Methods

A survey will be distributed to males aged 20-75 years currently in attendance at the adult CF clinic at St. Michaels Hospital during their routine clinical visit. The survey was created following a review of pertinent literature and interviews with CF patients and physicians. Questions were grouped into three sections: demographic information, knowledge and attitudes regarding fertility in men with CF, and experiences in starting a family. Out of pocket costs are included as a potential point of comparison with other CF populations worldwide. Descriptive statistics will be used to analyse responses.

Expected Results

There are 324 males currently in attendance at the clinic. The survey is 59 questions in length; as participants will only answer a subset based on their current situation, they will be divided into one of four groups for analysis. It is expected to take 1 year to collect the required data.

Discussion

By understanding how men with CF view their fertility and what assistance they may require from their health care provider, there is the potential for improving quality of care and uncovering new areas of research.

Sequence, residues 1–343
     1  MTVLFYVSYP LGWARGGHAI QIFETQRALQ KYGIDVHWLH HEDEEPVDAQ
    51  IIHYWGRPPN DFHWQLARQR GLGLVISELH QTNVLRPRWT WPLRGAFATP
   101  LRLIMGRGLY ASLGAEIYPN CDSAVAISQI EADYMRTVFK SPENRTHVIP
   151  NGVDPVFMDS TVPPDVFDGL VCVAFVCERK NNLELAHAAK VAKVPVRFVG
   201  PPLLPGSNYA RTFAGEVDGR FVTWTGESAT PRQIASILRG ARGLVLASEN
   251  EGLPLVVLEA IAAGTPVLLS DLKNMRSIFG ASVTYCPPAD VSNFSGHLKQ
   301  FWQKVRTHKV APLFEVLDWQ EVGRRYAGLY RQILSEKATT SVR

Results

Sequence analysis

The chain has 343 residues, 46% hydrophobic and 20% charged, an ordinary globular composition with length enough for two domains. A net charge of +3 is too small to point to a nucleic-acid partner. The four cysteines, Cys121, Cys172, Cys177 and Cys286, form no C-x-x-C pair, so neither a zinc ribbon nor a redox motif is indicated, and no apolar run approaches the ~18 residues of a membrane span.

P22 Determining if the methods put in place to reduce unnecessary free thyroid testing at Michael Garron Hospital have been successful

Elena Colussi-Pelaez1, Rebecca Fine2, Raymond Fung2, Zoe Lysy2

1School of Medicine, The Royal College of Surgeons, Dublin, Ireland; 2Michael Garron Hospital, Toronto, Canada
Correspondence: Elena Colussi-Pelaez

Introduction

TSH is recommended as the screening tool for hypo/hyperthyroidism. In most cases, TSH is sufficient for screening of disease. Often, free T4 and free T3 are also ordered by clinicians, even when TSH is subsequently normal: this has been openly discouraged by Choosing Wisely Canada, Endocrine Section3 and labelled “unnecessary test”. These tests often increase healthcare costs without any added clinical benefit. There is also little value to duplicating thyroid testing within 2-4 weeks given time to equilibrium. At Michael Garron Hospital (MGH), we decided to put in place measures to reduce unnecessary thyroid testing via automatic prompts in the computer ordering system Power Chart. This study was conducted to determine if the methods put in place to reduce unnecessary free thyroid testing at MGH have been successful.

Methods